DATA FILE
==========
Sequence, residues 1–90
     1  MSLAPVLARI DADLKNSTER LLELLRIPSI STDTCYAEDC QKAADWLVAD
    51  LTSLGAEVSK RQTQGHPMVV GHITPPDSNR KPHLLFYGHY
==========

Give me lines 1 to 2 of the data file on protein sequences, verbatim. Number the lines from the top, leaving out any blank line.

Sequence, residues 1–90
     1  MSLAPVLARI DADLKNSTER LLELLRIPSI STDTCYAEDC QKAADWLVAD